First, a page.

7. For the 2,000 (20,000, 200,000?) good paying jobs ad they could recycle Ross’s Neanderthal.

  8. “Pro-black-anti-white-anti-business way of doing things in Detroit…”

    Well, you certainly can’t get any farther way from that than have the city subsidize a very healthy –hockey– team.

  9. @Ryan

    You’re right but Gores won’t do it. He could care less about Detroit. He’ll continue branding his team as a “Detroit” one even though he plays in a town that’s barely part of the metro area and couldn’t possibly be more culturally different than Detroit.

    He’ll continue playing in front of a half empty arena even though the Tigers, Wings and Lions have proved that you can be in the upper half of the attendance standings while playing in downtown Detroit.

    If there’s ever a case for not getting public money for a sports facility, it’s one in a bankrupt city that has 2 teams that could benefit from the building. Not to mention that the Palace would reap the benefits from all the sports events going on downtown since all the other events would have to reschedule and move to the Palace. He’d be making money from 2 facilities as opposed to just one.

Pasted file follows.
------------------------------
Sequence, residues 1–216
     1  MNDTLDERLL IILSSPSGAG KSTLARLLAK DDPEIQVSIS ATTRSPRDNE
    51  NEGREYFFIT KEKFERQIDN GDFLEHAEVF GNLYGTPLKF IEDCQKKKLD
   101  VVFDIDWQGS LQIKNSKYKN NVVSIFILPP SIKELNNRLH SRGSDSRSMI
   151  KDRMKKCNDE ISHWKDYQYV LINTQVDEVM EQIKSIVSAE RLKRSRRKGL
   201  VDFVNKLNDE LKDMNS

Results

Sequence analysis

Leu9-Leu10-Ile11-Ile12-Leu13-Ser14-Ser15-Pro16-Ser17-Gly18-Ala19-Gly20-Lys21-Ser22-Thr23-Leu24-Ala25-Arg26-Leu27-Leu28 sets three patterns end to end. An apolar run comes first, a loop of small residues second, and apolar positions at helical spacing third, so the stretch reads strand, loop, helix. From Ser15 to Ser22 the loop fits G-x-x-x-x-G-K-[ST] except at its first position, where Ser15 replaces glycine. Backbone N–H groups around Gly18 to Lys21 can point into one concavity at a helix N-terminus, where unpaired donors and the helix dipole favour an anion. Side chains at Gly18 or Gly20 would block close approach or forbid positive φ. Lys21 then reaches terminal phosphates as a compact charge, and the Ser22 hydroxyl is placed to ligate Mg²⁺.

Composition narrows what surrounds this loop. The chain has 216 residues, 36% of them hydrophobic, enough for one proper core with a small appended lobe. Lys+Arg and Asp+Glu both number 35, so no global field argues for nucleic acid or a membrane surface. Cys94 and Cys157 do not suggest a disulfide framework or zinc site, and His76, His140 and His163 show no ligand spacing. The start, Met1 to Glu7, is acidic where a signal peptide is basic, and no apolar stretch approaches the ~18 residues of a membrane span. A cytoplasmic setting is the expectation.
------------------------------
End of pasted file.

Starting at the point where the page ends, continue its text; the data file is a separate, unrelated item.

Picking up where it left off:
10. Has the city or Mike Ilitch said what is to happen to Joe Louis Arena when this new one is completed? Another vacant lot/ surface parking lot? Another Cobo Center expansion? Guess we know where the concession workers for the new arena will come from.

  11. Walter: The plan (supposedly) is to tear down the Joe and incorporate the waterfront property into the newly expanded waterfront park. To my knowledge, there is no money and no plan for this, but that’s the dialogue that has been thrown about. In the past few years the D has made a lot of waterfront improvements (and having been there recently, the new waterfront park is nicer than the parking lots that used to be there). This concept has been around for at least 10 years.

  12. Not to mention that the permanent jobs at issue (ushers and game-day staff) already exist at the Joe, and it’s not like the Red Wings are going to up and move to another metro area. The only option is the suburbs, and I haven’t seen a suburb step up on this one.

    So basically the Red Wings shouldn’t have any leverage, aren’t going to bring any new permanent jobs, and yet they’re being offered money anyway. Makes perfect sense.